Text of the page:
A year after being sidelined by a positioning system failure, NASA's planet-hunting Kepler space telescope is back at work on a new and expanded mission called K2.
The telescope was launched in 2009 to find Earth-sized planets suitably positioned from their parent stars to support liquid water on their surfaces, a condition believed to be necessary for life. Analysis for a true Earth analog -- one that circles a sun-like star -- is still under way, but scientists already have added 974 confirmations and 3,846 candidates to the list of nearly 1,800 planets discovered beyond the solar system.
The telescope works by capturing slight changes in the amount of light coming from about 150,000 target stars, some of which were caused by orbiting planets passing by, or transiting, relative to Kepler's line of sight.
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After four years of observations, the telescope lost the second of four gyroscope-like wheels, which are used to maintain the observatory's laser-like focus on its target stars. At least three wheels are needed to steady the spacecraft -- or so engineers thought.
Telescope manufacturer Ball Aerospace came up with a plan to use two wheels and a combination of pressure from sunlight and tiny thruster burns to maintain orientation.
"After the loss of the second reaction wheel there were many doubters that we could do anything to repurpose the spacecraft," Kepler project scientist Steve Howell, said at the American Astronomical Society meeting in Boston this week.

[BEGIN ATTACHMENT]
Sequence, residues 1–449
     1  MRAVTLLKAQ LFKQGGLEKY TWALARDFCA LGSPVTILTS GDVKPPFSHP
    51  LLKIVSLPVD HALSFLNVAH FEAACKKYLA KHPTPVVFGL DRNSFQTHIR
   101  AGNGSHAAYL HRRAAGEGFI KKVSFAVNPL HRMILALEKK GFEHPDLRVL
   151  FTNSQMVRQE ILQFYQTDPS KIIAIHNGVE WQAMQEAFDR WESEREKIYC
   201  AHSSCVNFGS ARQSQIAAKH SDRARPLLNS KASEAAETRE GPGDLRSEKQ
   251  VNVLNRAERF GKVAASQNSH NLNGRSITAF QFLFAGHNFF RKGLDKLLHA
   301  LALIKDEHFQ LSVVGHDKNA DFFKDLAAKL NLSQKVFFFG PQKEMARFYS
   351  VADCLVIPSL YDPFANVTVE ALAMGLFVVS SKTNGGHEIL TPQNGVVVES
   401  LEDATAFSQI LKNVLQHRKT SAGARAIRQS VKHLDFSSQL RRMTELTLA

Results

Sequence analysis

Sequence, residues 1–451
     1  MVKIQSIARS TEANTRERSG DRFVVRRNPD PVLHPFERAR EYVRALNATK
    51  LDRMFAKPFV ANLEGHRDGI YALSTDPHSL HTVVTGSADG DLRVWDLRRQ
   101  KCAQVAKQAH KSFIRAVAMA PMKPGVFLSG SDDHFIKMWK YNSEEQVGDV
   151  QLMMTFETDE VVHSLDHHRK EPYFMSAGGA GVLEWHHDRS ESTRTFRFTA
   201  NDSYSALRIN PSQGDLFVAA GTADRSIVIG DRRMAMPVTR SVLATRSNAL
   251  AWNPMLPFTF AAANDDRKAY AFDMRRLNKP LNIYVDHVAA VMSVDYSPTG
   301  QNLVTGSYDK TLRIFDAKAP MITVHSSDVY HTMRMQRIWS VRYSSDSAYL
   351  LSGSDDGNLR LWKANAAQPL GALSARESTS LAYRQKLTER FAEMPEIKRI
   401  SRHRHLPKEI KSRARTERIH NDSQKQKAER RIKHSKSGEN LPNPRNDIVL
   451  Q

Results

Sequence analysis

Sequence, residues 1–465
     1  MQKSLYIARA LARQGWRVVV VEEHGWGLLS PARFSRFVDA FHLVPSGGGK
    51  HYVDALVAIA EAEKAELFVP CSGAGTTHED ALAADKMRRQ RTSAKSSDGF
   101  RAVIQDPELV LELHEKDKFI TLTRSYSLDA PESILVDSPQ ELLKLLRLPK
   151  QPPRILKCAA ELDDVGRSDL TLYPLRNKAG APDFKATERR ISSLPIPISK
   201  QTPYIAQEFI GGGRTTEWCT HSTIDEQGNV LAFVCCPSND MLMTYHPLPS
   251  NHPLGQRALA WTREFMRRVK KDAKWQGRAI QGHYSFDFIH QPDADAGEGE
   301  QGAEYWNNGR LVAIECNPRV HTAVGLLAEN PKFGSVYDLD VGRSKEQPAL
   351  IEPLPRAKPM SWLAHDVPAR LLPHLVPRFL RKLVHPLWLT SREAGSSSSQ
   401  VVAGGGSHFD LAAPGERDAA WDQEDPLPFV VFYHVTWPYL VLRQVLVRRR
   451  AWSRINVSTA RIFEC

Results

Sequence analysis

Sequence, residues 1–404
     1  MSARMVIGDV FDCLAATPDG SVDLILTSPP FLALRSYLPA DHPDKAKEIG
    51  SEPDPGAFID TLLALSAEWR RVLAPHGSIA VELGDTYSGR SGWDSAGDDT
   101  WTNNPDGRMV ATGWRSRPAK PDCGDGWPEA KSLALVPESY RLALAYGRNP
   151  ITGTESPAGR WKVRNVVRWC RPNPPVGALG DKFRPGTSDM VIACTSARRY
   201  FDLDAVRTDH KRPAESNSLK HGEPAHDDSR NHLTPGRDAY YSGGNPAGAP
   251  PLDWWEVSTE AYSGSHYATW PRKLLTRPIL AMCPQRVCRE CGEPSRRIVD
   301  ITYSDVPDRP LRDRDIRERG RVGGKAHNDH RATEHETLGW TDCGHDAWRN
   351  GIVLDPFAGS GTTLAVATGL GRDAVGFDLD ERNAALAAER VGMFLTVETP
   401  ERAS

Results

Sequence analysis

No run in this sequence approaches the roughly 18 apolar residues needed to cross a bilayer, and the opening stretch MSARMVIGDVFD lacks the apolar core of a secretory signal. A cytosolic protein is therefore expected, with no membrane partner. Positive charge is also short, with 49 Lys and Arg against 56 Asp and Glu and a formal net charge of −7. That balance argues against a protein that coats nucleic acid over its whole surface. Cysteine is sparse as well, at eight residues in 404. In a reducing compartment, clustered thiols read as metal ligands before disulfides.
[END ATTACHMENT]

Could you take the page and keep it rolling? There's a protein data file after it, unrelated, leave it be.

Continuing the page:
Any lingering doubts ended last week when Kepler completed a 5.5-week engineering test to check out its new pointing system.
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"We drift about one pixel about every six hours and then we thruster fire and return to the same position. It's a very, very good pointing," astronomer Thomas Barclay, with NASA's Ames Research Center in Moffett Field, Calif., said at the American Astronomical Society meeting in Boston this week.
In its first nine days of science observations, the K2 campaign already has turned up three more candidate planets, all around the size of Jupiter, circling relatively bright stars, Barclay said.
To balance the telescope with pressure from sunlight, Kepler must be nearly parallel to its orbital path around the sun, which is slightly offset from the orbital plane of Earth. The so-called ecliptic plane -- the band of sky containing the constellations of the zodiac -– is Kepler's new hunting ground.
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Rather than continuously stare at a single patch of the sky for years, K2 science is limited to 80-day increments. That means it will no longer be able to search for Earth-sized worlds circling sun-like stars (which would transit only once a year), but it does open the search for planets around different kinds of stars.
"K2 can do some really high impact research ... stuff Kepler couldn't," Barclay said.
Scientists are particularly interested in finding planets that bridge the gap between rocky worlds, like Earth and the inner planets of the solar system, and the gas giants, like Neptune, Jupiter and the outer planets. They also hope to find young stars with planets still incubating in protoplanetary disks and detect transits of planets still in the formation stages.
"It's a very exciting field for us," Howell said.
NASA has approved a two-year K2 mission. The telescope is believed to have enough fuel for another year of operations beyond that.